CullmanTimes.com - Cullman, Alabama

September 29, 2013

Loretta Gillespie: Industrial base, one of Cullman’s strongest assets


The Cullman Times

CULLMAN — The industrial base of Cullman County rode out the storms of April 27, 2011, with comparatively minor damage. They immediately began to pitch in and help the community, offering manpower and assistance to their employees and neighbors.

The tornadoes are just one incidence of the cooperation between the entities that stand behind Cullman’s industrial base. Because of the willingness of the community leaders and the manufacturers to do whatever it takes to strengthen one of Cullman’s strongest assets, Cullman’s industrial partners have prospered, and in turn, prospered the county and the people who live and work here.

The industries who have wisely chosen to locate here have discovered that this community has a strong work ethic, a loyalty to their employers and a steadfast resolve to get the job done — whether that be in an office, on an assembly line, or with a chainsaw, helping families to dig out of the debris caused by the storms.

Cullman County is a place born of hard work. Long ago, German immigrants came here with nothing but the clothes on their backs and the dream of forming a strong and prosperous community. And that’s exactly what they did. They carved it out of limestone and tall timber, making themselves a niche in North Alabama that has grown and flourished into thriving communities, working family farms, a myriad of industries and the ever-growing complex of shopping centers, a bustling medical district, restaurants and businesses that you see here today.

Some of the original businesses in the historic downtown district and in the outlying farming communities suffered greatly due to the damage caused by the 2011 storms, but even as the dust settled around them, the citizens of Cullman County began to regroup, to protect the investments that their forefathers had secured for them, to ensure the future of their children and their community as a whole. That courageous determination sets the tone for this area, for these people who have hard work encoded into their DNA. They’ve never been afraid of tackling any project, of taking on any task.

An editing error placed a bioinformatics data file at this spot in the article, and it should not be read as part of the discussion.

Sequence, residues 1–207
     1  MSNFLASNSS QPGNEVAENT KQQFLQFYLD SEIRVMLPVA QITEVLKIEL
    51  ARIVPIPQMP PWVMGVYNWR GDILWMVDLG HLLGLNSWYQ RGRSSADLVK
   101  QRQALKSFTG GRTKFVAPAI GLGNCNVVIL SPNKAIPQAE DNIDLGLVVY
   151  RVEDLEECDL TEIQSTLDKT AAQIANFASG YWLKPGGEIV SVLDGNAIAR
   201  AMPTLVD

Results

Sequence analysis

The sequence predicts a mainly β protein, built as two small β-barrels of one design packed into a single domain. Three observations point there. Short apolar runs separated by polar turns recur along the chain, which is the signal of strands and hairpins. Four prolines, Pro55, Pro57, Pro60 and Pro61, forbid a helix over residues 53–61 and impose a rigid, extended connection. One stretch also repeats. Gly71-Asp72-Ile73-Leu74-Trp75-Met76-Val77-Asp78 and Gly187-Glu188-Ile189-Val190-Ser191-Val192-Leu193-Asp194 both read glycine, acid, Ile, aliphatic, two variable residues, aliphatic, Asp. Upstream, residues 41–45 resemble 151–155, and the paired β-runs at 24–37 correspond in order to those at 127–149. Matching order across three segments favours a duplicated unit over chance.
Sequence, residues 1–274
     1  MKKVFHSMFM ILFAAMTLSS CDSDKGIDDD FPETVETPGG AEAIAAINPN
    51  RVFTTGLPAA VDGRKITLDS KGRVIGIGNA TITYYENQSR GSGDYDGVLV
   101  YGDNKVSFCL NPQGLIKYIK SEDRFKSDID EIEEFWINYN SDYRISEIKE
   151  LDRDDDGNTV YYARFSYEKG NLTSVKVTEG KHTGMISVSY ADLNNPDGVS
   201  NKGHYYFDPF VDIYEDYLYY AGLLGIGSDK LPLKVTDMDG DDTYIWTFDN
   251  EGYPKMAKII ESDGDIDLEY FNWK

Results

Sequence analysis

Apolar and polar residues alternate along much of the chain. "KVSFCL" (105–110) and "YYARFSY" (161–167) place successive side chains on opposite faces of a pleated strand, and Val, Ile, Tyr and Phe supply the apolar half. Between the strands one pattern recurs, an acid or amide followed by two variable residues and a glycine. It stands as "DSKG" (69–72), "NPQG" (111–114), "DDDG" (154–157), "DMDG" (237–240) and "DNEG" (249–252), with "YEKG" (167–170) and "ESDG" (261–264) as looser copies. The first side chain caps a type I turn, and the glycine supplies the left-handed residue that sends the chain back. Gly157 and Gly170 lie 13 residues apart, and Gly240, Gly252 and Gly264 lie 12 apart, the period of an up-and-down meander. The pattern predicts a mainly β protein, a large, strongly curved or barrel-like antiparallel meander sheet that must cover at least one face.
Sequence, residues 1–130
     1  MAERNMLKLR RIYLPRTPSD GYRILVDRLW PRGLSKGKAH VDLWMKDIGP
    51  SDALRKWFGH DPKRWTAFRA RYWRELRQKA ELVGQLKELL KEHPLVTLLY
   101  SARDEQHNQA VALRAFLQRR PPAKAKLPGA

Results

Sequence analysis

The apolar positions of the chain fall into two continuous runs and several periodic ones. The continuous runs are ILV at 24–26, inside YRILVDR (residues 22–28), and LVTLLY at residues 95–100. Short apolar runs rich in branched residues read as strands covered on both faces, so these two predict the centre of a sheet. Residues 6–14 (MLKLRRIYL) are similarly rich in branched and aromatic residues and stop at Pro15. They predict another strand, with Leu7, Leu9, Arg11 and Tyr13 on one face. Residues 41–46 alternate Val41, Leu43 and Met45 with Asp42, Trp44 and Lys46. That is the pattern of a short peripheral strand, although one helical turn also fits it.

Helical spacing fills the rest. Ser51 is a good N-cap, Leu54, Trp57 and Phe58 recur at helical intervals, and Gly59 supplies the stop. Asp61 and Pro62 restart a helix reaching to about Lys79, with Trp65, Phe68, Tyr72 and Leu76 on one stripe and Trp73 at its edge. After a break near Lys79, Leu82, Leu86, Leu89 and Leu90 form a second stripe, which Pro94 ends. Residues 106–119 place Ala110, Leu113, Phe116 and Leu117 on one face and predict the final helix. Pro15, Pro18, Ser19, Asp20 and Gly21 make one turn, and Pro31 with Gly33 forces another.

Cullman County, rich in natural resources, near main transportation arteries, with excellent school systems and in close proximity to Wallace State Community College, has long been the clear choice for many industries and manufacturers, in part because of it’s varied and unique topography, but primarily because of its strong workforce and willingness to do whatever it takes to bring in new industry and businesses. It’s the commitment of two economic development agencies, local government, community leaders and the people of Cullman County who have made sure that the educational sector, the community, and its industrial base are working in tandem to make this part of North Alabama such a great place to live, work and play. All of these entities, coming together, have succeeded in making this county a driving force in Alabama's economic growth.

Even today, with most of the visible destruction of the tornadoes cleared away, there is still work going on to rebuild the historic downtown area so that it appeals to prospective manufacturers, who always want to see where they might be eating, shopping, going to church or to school, and you can be sure that they sit up and take notice of Cullman!

The dedicated people of Wallace State Community College, the Cullman Area Chamber of Commerce, city and county governments and the Economic Development Boards are continuously working to ensure that every facet of the needs of Cullman’s manufacturing base come together for the benefit of all.

In today's unsteady economy, Cullman continues to flourish, and that's a wonderful thing to be able to say. In other parts of the state, and of the country, people look at Cullman County and wonder how they did this. I think the answer is that people here have learned that the secret to a successful community is working together, knowing that if there are a variety of places to eat, shop, have fun, live, worship, study and work — there will be jobs.